(Reuters) – Britain’s National Grid (LON:NG) expects its 2-gigawatt power link with France, which has been offline for an extended outage, to be running at half capacity a few days sooner than planned.
Wholesale power and gas prices rose last month, squeezing already tight UK electricity supply further, after the IFA1 interconnector was damaged by a fire in Kent, affecting half, or 1 GW, of its capacity.
The other 1 GW capacity was already offline due to planned maintenance which was later extended to Oct. 23.
After a detailed assessment, National Grid said extensive work was needed to safely return the IFA1 to service.
“We have been able to reduce the outage time of 1,000 MW of capacity at the IFA interconnector so that it will come back to service on 20th October, ahead of the 23rd October date we had previously published,” the grid operator said in a statement.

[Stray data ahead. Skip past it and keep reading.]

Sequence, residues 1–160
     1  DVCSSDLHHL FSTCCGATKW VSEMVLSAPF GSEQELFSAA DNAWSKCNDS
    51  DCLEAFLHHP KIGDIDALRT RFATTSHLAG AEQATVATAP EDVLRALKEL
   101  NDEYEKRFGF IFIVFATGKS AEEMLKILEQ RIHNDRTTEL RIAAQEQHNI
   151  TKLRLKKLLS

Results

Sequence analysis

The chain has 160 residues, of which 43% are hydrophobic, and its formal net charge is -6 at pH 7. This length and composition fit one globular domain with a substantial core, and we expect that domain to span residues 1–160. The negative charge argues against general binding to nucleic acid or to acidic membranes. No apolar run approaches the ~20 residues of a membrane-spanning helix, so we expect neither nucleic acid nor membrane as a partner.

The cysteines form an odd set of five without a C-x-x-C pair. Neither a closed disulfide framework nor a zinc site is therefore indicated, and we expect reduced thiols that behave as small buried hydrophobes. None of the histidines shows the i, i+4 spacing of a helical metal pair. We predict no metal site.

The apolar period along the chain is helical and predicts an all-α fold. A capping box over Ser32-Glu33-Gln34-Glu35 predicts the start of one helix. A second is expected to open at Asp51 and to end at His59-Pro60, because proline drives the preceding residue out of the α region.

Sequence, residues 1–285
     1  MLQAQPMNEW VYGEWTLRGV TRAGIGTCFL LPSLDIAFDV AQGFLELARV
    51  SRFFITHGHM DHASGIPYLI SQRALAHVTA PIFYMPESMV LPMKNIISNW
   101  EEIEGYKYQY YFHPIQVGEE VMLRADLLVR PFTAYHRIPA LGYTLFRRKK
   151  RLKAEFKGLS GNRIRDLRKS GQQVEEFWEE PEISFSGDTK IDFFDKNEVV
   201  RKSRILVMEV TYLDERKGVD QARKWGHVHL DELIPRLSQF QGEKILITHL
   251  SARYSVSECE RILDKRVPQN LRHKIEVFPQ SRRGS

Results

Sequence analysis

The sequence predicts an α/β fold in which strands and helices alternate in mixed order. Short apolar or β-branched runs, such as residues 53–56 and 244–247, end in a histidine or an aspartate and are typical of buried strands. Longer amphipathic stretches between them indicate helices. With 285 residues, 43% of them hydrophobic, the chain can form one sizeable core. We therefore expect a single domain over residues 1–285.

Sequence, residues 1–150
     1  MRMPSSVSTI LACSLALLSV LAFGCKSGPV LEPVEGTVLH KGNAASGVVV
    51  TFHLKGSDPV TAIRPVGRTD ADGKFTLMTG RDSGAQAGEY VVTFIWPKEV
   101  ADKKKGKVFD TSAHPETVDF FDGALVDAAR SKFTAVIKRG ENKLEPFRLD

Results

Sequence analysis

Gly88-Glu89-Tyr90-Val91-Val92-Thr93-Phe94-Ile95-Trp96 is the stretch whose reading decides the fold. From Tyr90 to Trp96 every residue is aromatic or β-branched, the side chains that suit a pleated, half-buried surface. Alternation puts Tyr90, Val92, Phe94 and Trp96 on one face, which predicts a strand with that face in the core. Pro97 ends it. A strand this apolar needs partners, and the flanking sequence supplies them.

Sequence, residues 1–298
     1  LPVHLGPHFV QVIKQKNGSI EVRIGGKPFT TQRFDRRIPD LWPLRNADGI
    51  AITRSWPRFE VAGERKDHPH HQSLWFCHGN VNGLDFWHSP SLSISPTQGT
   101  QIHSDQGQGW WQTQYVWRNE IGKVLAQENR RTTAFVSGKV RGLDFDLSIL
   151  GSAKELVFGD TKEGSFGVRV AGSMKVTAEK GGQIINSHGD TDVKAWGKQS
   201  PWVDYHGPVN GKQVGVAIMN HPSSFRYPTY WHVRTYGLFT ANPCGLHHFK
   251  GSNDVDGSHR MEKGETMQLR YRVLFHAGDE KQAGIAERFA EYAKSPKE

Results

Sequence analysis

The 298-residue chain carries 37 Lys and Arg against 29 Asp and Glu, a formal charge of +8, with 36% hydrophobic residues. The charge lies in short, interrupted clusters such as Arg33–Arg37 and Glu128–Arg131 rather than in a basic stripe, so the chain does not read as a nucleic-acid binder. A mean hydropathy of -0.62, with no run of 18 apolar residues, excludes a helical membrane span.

The other 1 GW, which was affected by the fire, remains offline, with a partial return to service planned from 2022.
National Grid said it will being 500 megawatts (MW) back to service from October 2022 to May 2023, which will result in a total of 1,500 MW of capacity available going into next winter, with full capacity achieved by October 2023.
“We are completely focused on getting IFA safely returned to service as soon as possible and ensuring we are able to support security of supply,” it added.
The IFA2 interconnector, a second link between Britain and France commissioned in 2020, is operating and not affected.
UK-France power link hit by fire set for partial restart ahead of plan
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